Cyberpunk 2077 dev breaks promise, will force employees to work six days a week

Cyberpunk 2077 developer CD Projekt Red has told employees that six-day workweeks will be mandatory ahead of the game’s November 19th release date, even though the studio has repeatedly and explicitly promised it would never do that, Bloomberg reports.

On two separate occasions in 2019, studio co-founder Marcin Iwiński told game journalist Jason Schreier how it would address crunch, once even saying that “we want to be more humane and treat people with respect.” It seemed pretty clear from excerpts like this that mandatory crunch was not going to be part of it!

Jason: If I’m a designer at CD Projekt Red and I say you know what I have kids, I have a family, I’m going to work from 10am to 6pm every day, and that’s it. Even until the very end. Am I going to be okay with that?

Iwiński: Yes. Yes.

Jason: No matter what.

Iwiński: Yes.

Jason: So you can commit to that?

Iwiński: We’ve committed to that already.

While CD Projekt Red didn’t completely throw crunch time out the window, the company was clear that employees would be able to say no. In one interview with Kotaku, Iwiński said the studio would have a “non-obligatory crunch policy,” meaning that while the company could still ask employees to work overtime, it would not be “mandatory.” The words in quotes are Iwiński’s actual words.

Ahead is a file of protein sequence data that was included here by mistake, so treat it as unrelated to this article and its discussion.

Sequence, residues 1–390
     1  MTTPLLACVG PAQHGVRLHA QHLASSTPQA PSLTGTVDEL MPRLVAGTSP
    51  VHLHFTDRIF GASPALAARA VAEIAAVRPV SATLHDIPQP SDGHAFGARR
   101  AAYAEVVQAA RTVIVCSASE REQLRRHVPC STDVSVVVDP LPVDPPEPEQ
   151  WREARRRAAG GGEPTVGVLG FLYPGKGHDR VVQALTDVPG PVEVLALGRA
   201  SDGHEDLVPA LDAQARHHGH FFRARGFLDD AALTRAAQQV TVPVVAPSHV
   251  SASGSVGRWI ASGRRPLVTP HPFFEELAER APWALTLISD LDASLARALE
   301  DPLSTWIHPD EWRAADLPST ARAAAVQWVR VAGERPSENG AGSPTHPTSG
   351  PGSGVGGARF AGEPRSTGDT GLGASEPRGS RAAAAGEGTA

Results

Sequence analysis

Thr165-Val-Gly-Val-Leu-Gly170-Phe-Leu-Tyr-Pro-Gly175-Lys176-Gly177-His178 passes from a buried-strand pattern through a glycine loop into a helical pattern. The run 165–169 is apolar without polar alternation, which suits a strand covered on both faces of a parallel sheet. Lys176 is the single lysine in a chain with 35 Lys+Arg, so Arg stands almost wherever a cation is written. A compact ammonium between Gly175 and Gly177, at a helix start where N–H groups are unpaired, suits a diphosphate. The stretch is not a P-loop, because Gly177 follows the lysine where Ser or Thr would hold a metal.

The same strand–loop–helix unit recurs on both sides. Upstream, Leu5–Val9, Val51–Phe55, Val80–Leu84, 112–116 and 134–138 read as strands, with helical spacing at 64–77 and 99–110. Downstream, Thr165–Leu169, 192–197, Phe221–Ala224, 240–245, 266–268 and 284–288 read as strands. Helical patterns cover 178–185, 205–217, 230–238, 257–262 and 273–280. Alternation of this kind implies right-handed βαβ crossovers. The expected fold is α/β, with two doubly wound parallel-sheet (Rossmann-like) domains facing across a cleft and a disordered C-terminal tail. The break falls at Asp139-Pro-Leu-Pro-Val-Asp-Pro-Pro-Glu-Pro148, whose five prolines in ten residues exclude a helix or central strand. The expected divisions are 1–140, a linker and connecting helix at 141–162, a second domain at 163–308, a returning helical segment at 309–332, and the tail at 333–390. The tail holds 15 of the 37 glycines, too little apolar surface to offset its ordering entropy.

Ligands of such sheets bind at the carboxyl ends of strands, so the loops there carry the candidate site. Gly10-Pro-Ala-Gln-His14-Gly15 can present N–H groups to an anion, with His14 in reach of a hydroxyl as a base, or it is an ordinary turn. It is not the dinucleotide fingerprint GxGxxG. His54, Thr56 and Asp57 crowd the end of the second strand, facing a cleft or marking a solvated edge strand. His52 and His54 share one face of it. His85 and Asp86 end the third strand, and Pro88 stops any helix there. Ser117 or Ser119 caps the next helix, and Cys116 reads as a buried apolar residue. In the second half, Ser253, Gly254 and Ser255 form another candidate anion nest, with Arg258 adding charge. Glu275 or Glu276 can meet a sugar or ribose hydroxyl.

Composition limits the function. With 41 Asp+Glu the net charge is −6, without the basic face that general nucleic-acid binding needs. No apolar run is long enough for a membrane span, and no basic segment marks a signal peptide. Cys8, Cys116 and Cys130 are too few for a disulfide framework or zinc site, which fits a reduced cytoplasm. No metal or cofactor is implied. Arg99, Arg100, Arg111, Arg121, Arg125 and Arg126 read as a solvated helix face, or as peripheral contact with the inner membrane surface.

But by January, it was already starting to look like the company wasn’t going to keep its promise to employees. As Polygon notes, when asked whether the development team would be “required to put in crunch hours” during an investor call in January, CD Projekt CEO Adam Kicinski answered yes, suggesting that it was somehow out of his hands: “We try to limit crunch as much as possible, but it is the final stage. We try to be reasonable in this regard, but yes. Unfortunately.”

In an email obtained by Bloomberg, CD Projekt Red studio head Adam Badowski offered a similar excuse, suggesting that his company somehow has no alternative than to force employees to work harder to address the remaining bugs and glitches in the game — even though a CD Projekt Red employee told Bloomberg that some staff had already been working nights and weekends “for more than a year.”

“I take it upon myself to receive the full backlash for the decision,” Badowski wrote in the email. “I know this is in direct opposition to what we’ve said about crunch. It’s also in direct opposition to what I personally grew to believe a while back — that crunch should never be the answer. But we’ve extended all other possible means of navigating the situation,” he said, apparently without describing any of the other possible means that the company has already tried.

Cyberpunk 2077 was originally supposed to launch on April 16th, but the studio pushed the game’s release to September 17th, saying the developers “need more time to finish play-testing, fixing, and polishing” the game. CD Projekt Red would then push the release date once again to November 19th, explaining that the development team needed extra time to “go through everything, balance game mechanics, and fix a lot of bugs.” We’ve already waited this long and the game is almost done: could CD Projekt Red just push the release date one last time instead of forcing its developers to crunch?

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